Culturess: How much research do you do into each crime, and how do you decide if there is enough material to build a season around?
Kate Winkler Dawson: The big thing is reaching out to the family, and luckily we now have enough listeners with Tenfold More Wicked that I have people reach out to me, and they say, “I have this crazy crime that happened in my family. Let me know what you think. My family is willing to talk about it.” And that makes my life much easier because I have all these great stories just waiting to be told, and it’s how quickly can I get to them. So, it starts with a family and starts with the story. Do I think that there is enough there to warrant six episodes because each season is six episodes?
There can’t just be a murderer, and that’s it. There have to be other things happening along the way. Usually, it’s a really compelling backstory. In one episode, it’s really complicated relationships, and the lead up in the second episode, the murder or murders in three or four, and then a lot of the aftermath or potentially more murders. So there’s a lot happening, and so it has to be a complex story, and those are not easy to come by.
Culturess: What drew you to cover true crime?
Kate Winkler Dawson: My father was a law professor at the University of Texas. He was a criminal law professor, and my mother is a retired psychologist who was also a huge true crime fan. So I think the intersection of the two created me. I was a journalist for so long. I teach journalism at the University of Texas now.
Crime has always been an interest of mine. So all these things can merge, so that I really felt a passion for it. It’s something I read about and watch and listen to in my off time, which I always tell my students is a big clue that you’re on the right track to do what you wanna do in life. It’s a big passion for me. I think it’s important. This was because of my parents, I think. With my role in journalism, it was a natural fit.
Culturess: Why do you think people are so intrigued by the true crime genre?
Kate Winkler Dawson: People have been intrigued by true crime for centuries. Public executions were really, really well attended in the 1800s, in the 1700s. You have The Penny Dreadfuls, and you have all sorts of pamphlets, and in the 1800s, they would sell trial transcripts, and people would buy trial transcripts because they were so intrigued by it, so it’s nothing new. It is a world that people hope to never be involved with directly, but they are fascinated by that world. I think people like being scared a little bit sometimes. I think people like learning lessons.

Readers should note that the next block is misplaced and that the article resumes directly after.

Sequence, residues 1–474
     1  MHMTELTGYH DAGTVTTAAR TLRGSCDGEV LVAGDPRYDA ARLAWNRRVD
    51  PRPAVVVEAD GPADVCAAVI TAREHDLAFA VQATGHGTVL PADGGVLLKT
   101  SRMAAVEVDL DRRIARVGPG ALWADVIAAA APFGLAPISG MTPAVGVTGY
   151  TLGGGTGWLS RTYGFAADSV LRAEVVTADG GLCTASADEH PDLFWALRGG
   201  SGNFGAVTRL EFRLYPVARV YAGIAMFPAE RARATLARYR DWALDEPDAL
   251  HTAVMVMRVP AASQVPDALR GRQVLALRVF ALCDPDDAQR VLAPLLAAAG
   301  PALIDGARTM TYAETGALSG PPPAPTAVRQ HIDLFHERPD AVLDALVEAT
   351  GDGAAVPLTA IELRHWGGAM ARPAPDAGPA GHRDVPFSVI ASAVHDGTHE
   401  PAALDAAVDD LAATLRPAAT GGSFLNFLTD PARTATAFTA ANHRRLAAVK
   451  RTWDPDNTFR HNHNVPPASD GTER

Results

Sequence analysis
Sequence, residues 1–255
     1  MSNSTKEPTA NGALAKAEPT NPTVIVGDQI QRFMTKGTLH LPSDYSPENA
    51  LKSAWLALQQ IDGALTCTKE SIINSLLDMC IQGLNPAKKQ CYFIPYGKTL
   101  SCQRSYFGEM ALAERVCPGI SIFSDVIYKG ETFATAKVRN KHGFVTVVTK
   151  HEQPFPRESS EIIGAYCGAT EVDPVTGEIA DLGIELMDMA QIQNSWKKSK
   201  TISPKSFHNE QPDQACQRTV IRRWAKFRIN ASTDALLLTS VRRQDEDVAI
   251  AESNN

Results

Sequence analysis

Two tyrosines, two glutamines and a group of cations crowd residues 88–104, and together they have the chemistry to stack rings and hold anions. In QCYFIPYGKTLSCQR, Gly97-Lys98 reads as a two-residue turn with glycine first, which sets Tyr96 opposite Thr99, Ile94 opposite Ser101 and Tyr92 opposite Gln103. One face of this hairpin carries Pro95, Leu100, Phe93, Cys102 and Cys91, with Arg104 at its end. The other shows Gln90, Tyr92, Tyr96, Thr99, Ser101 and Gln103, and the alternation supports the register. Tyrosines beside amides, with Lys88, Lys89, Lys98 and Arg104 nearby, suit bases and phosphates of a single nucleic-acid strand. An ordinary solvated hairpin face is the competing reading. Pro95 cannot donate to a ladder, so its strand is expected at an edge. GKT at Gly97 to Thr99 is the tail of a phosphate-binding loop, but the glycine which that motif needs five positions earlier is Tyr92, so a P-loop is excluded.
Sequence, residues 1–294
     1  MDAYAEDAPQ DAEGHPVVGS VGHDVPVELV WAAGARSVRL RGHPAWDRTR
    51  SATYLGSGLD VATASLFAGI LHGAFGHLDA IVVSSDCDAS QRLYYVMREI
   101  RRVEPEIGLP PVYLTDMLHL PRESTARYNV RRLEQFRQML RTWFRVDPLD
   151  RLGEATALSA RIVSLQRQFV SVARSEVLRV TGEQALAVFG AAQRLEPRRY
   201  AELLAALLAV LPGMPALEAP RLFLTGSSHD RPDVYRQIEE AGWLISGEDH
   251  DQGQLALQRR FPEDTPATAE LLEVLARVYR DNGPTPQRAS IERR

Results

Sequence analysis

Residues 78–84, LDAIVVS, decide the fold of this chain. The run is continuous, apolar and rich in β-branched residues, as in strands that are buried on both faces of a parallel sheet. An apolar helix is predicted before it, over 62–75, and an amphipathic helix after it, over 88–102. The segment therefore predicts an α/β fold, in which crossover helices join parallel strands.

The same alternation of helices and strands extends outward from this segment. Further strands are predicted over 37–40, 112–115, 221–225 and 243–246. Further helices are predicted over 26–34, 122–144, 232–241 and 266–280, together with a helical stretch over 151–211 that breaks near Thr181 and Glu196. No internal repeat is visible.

The predominant audience for true crime is mostly women. I think women like to solve a puzzle. People ask me all the time, they make the assumption that woman only listen or read, or watch true crime because they wanna pick up tips to stay safe. I think that’s really underselling women. Is that the reason why? I don’t think; I think most of the reason why is that they like to solve a mystery. They like to solve a puzzle alongside a detective, so I think it’s nothing new. I think the modes that we are able to access true crime have grown an incredible amount. I think there will always be a fascination for true crime.
Culturess: What is the difference between crafting a true crime novel and a podcast?
Kate Winkler Dawson: So I write nonfiction. Nonfiction, for me, is when you’re writing a book like that, it is a huge deep dive into tiny little facts that just take up an incredible amount of time. When I read my audiobooks from my book, they turn out to be eight or nine hours long, and I only have four hours total per season. The research has to be a lot more in-depth. But I’m able to talk to so many more people with the podcast. And you have sound, and you have music, and it’s just a totally different way of telling a story.
Culturess: What can you tease about upcoming episodes of season 7?
Kate Winkler Dawson: Well, we have a serial killer in Austin, Texas, in the 1880s who was infamous. And the person at the center of the story that I am covering is not that killer, but he was involved in a really interesting way in that story of the infamous serial killer, and I think that his involvement when he was younger with the midnight assassin, informed what he did later on in life which was very, very gruesome and very tragic.
So, when I talked to his family and when I talked to experts about that, it is a lot about how much can we blame what he saw when he was a teenager for what he did when he was an adult male. A lot about mental illness and the way we treat people who are criminals within that framing. Do we think this person is mentally ill? What do we think happened here? What went wrong? So this was a season that I think atmospherically it’s very creepy. It’s wonderful music. It’s an immersion into 1800s Texas, which is fascinating, and it’s ultimately a tragedy on so many different levels, including with the killer.
All seasons of Tenfold More Wicked are produced by Exactly Right Media.